Communication phase: Each thread reads the first input element it needs. For example, T0 reads rc[0] from T0 which contains input[0]. Notice that each thread publishes the value it receives.
_ac += v

(=input[0])

_ac += v

(=input[0])

_ac += v

(=input[0])

_ac += v

(=input[0])

Computation phase: Each thread adds the value it has just read to its local accumulator.
v=R(T1, rc[0])

P(rc[1])

v=R(T2, rc[0])

P(rc[0])

v=R(T3, rc[0])

P(rc[0])

v=R(T0, rc[1])

P(rc[0])

Communication phase: Each thread reads the next value. Notice that T3 now reads input[4] which is stored in rc[1] of T0, therefore thread T0 publishes rc[1].

For example, this phase T0 reads input[1] from rc[0] from T1.

_ac += v

(=input[0]+

input[1])

_ac += v

(=input[1]+

input[2])

_ac += v

(=input[2]+

input[3])

_ac += v

(=input[3]+

input[4])

Computation phase: Each thread adds  the value it has just read to its local accumulator.
v=R(T2, rc[0])

P(rc[1])

v=R(T3, rc[0])

P(rc[1])

v=R(T0, rc[1])

P(rc[0])

v=R(T1, rc[1])

P(rc[0])

Communication phase: Each thread reads the last value it needs.
_ac += v _ac += v _ac += v _ac += v Computation phase: Each thread adds the value is has just read to its local accumulator..

After the computations described in Table 2 are finished each thread holds the value _ac that stores the output it next writes to global memory.

Step four: Replace Publish-Reads with shfl_sync()

CUDA doesn’t provide the Read and Publish primitives, but we can merge them using the shuffle primitive to implement the code in a real GPU. Say thread t_i calls Read(t_j, rc[0]) and Publish(r_i). We can implement these two calls using shfl_sync(t_j, r_i). All that remains is to efficiently compute thread and register indexes in the shfl_sync() calls while avoiding divergence.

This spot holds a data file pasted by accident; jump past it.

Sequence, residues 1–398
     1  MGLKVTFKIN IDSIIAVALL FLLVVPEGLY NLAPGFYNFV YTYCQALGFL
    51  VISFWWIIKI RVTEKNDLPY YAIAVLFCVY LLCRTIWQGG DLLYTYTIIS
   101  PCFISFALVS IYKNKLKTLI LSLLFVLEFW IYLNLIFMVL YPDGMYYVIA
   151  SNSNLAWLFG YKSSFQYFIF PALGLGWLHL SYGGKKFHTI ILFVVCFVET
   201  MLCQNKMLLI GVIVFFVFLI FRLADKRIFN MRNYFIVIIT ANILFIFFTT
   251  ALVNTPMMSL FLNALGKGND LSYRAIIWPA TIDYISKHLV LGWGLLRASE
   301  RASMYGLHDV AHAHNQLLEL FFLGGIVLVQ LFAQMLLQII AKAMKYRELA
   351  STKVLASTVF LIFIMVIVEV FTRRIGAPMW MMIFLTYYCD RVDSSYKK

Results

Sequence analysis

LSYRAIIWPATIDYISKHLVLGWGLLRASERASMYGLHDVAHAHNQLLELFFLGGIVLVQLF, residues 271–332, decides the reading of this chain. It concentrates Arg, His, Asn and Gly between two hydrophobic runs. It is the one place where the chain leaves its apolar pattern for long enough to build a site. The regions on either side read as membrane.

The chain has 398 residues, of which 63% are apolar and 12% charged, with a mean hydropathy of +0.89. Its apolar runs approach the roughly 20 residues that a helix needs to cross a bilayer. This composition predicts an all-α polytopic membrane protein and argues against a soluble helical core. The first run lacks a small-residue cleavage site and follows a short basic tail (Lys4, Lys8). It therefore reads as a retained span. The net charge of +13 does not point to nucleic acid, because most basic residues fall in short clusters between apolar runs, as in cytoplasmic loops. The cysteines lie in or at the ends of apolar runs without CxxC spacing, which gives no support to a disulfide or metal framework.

This step concludes the transformation, and now the implementation does not use shared memory.

There is a problem in the case where two threads call Read(t_i, v) and Read(t_i, u), where v and u are two different values stored by t_i. One of the threads will not receive the value since t_i can publish only a single value in each cache access. Two or more accesses are therefore needed to satisfy these requests. We call this case a register cache conflict.

With this translation from PublishRead into shfl_sync we can implement the full 1-stencil without using shared memory (Listing 2) . The full implementation is available in this repository.

__global__ void one_stencil_with_rc (int *A, int *B, int sizeOfA)
{
    // Declaring local register cache.
    int rc[2];

    // Id of thread in the warp.
    int localId = threadIdx.x % WARP_SIZE;

    // The first index of output element computed by this warp.
    int startOfWarp = blockIdx.x * blockDim.x + WARP_SIZE*(threadIdx.x / WARP_SIZE);

    // The Id of the thread in the scope of the grid.
    int globalId = localId + startOfWarp;

    if (globalId >= sizeOfA)
        return;

    // Fetching into shared memory.
    rc[0] = A[globalId];
    if (localId < 2 & & WARP_SIZE + globalId < sizeOfA)
    {
        rc[1] =  A[WARP_SIZE + globalId];
    }

    // Each thread computes a single output.
    int ac = 0;
    int toShare = rc[0];

    for (int i = 0 ; i < 3 ; ++i)
    {
        // Threads decide what value will be published in the following access.
        if (localId < i)
            toShare = rc[1];

        // Accessing register cache.
        unsigned mask = __activemask();
        ac += __shfl_sync(mask, toShare, (localId + i) % WARP_SIZE);
    }

    if (globalId < sizeOfA - 2)
        B[globalId] = ac/3;
}

Evaluation

Figure 5 shows the speedup of the register cache over shared memory implementation of a k-stencil for increasing values of k. We used a GTX-1080 GPU and CUDA 9 to run the experiments.

For small values of k the data reuse is small or negligible, hence the speedup is small, but as k grows, the reuse achieved by register cache increases and the speedup as well.

Figure 5: Speedup of Register Cache over Shared Memory for a k-stencil.
Figure 5: Speedup of Register Cache over Shared Memory for a k-stencil.

Thread coarsening

The speedup reaches a plateau starting at k=12, since the register cache also performs more global memory accesses due to the overlapping edges of the input, which are read twice by two consecutive warps.

One common technique to reduce these global memory accesses is thread coarsening. This technique increases the number of outputs produced by each thread, and thus enables some of the input data to be reused across iterations by storing it in registers.